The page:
Get ’em while you can!
The 2019 Volkswagen Golf Alltrack is an outstanding small family vehicle for folks who need all-wheel drive. It has just enough height to be good on mild off-road trails and snow while being perfect for overall handling. Along with that, it’s economical, utilitarian and downright fun to drive.
It’s a shame it’s going away.
Three things stand out for when comparing the 2019 Volkswagen Alltrack to vehicles like the Subaru Crosstrek, Mini Clubman AWD and even the larger Buick Regal TourX (among others).
- One: its performance to value proposition.
- Two: it’s utility to size tradeoff
- Three: its fun character.
The 2019 Volkswagen Alltrack 168 horsepower, turbocharged 1.8-liter engine makes 199 lb-ft of torque. A six-speed manual transmission is standard and a six-speed dual-clutch transmission is optional. If you like to mix your own coffee – and have a little fun in your commute, the manual is a great choice.
In this configuration, Volkswagen says you can get 21 mpg city and 30 mpg highway. I averaged an excellent 27 mpg doing lots of highway driving and aggressive canyon carving.
Comfort and Utility
Cargo space is good in the 2019 Volkswagen Alltrack. There’s 30.4 cubic feet of space behind the rear seats and a maximum of 66.5 cu-ft with the seats folded. That’s right between the Subaru Crosstrek and Subaru Outback.
Seating is comfortable, especially with the squishy leatherette surface. It’s easy to clean and has good bolstering for all butte largest passengers. The back seats are fine for average sized passengers, but tall passengers will not enjoy the lack of legroom.
My 5’7″ teen fit behind my driver’s seat with no problem. I’m 6’1″.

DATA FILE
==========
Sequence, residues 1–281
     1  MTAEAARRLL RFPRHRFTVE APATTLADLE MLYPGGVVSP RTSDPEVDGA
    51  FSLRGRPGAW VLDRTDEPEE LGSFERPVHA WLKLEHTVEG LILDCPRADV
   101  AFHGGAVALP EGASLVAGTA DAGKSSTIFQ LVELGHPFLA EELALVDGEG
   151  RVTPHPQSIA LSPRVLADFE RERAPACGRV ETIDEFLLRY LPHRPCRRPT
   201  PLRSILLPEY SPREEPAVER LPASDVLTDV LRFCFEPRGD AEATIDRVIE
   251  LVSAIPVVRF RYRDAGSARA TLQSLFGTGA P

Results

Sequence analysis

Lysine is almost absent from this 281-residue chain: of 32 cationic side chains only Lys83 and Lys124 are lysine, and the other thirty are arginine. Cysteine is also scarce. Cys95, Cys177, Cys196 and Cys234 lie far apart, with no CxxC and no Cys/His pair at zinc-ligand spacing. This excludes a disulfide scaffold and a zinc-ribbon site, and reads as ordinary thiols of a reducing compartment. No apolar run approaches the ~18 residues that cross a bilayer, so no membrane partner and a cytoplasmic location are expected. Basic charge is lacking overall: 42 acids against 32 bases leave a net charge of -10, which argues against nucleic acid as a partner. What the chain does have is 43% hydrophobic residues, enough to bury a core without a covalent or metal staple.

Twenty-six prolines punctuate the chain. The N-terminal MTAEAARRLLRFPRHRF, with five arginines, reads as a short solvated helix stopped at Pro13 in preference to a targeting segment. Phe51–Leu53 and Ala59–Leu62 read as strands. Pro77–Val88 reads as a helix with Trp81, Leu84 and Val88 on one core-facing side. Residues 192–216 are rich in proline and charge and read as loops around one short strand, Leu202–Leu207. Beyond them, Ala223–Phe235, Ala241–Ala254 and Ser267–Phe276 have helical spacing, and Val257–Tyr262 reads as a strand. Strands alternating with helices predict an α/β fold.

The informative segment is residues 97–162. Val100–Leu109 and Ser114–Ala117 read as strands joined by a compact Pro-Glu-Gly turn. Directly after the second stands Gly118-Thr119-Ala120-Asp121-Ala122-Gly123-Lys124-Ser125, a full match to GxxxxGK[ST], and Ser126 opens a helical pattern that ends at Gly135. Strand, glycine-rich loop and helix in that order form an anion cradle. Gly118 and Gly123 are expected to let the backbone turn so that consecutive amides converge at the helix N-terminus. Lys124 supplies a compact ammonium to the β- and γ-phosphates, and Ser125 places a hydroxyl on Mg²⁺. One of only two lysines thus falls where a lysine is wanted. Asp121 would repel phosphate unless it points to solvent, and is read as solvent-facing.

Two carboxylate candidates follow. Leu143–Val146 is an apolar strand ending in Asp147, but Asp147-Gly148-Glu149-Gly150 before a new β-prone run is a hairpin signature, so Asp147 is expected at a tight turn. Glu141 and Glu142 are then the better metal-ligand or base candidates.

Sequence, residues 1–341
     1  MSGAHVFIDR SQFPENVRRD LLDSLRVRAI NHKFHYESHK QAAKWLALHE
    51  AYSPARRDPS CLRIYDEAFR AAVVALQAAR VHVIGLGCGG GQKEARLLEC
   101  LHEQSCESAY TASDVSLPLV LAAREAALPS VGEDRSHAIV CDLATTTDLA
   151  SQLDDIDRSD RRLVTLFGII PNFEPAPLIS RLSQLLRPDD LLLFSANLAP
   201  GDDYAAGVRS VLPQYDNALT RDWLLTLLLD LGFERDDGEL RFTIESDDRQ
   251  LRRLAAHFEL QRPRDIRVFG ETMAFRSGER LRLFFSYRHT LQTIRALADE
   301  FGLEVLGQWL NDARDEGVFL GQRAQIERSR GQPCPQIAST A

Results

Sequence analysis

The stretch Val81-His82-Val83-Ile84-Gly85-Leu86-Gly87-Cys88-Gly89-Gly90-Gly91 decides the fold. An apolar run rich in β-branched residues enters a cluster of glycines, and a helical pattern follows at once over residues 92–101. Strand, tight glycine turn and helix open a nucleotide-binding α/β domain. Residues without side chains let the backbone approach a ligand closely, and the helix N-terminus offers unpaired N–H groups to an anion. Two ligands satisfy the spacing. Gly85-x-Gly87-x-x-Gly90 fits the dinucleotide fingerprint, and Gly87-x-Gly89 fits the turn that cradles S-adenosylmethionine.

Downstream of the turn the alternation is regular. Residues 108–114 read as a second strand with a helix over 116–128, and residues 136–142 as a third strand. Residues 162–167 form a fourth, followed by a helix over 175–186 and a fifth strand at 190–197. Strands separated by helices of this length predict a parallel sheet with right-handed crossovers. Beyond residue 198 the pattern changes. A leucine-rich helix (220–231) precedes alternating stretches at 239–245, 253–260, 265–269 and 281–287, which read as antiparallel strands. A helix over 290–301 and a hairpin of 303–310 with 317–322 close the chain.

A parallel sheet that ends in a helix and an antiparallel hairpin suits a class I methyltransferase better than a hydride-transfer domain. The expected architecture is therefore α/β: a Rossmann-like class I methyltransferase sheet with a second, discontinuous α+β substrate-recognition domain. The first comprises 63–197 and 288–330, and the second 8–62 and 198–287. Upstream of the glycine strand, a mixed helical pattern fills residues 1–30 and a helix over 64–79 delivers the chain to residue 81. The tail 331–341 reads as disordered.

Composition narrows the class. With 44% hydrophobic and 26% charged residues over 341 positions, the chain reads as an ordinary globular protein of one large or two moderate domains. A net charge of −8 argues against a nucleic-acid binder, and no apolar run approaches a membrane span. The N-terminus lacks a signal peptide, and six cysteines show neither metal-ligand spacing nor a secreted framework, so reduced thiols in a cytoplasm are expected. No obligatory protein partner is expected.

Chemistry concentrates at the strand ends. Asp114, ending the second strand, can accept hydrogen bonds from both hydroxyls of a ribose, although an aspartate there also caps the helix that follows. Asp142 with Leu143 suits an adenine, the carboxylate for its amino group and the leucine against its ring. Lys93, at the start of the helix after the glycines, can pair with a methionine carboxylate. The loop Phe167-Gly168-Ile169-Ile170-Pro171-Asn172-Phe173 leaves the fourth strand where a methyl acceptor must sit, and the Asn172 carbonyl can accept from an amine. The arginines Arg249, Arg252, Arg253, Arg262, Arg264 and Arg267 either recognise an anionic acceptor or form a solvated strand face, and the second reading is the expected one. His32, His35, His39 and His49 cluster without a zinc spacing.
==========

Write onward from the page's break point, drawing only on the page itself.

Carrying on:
Price and a less expensive alternative
Prices start at $26,895 for the base model S. That still gives you a few goodies like heated front seats ad blind spot monitoring. Work you way up to the $30,495 SE, you get the panoramic sunroof, sound system and bigger touch screen ad keyless access. At the top of the heap, the $34,995 SEL gives you navigation, dual zone climate control and adaptive cruise control.
While these prices are okay – keep in mind that this car is going away and dealers are hungry to make deals. Stories of thousands off the MSRP have reached TFL, and I got a random offer for a loaded SEL that was almost 15 percent lower than the MSRP.
If you need to save even more moo-lah, consider the Volkswagen Golf SportWagen. You can get one, comparably equipped for thousands less. It doesn’t have the lifted suspension, off-road-looking bits or the exact same content, but it’s mostly the same.
You can get a 1.4-liter turbo with front-wheel drive and a six-speed manual for less than $23,000. That smaller turbo works great and it’s the same lauded engine used in the base Volkswagen Jetta. An all-wheel drive 1.8-liter SportWagen starts at just over $25,000.
Simply put: I would buy this vehicle. Even took the spouse to look at a few to evaluate her interest. While she’s on the fence, I would love to jump on the massive dealer incentives and kickass warranty (Volkswagen’s transferrable 6-year/72,000-mile limited warranty is very competitive).
I’m sad to see this car go. It means less driver fun is coming by way of crossovers that have no options for manual transmissions (something I love) and AWD. Bummer.
Enjoy the video!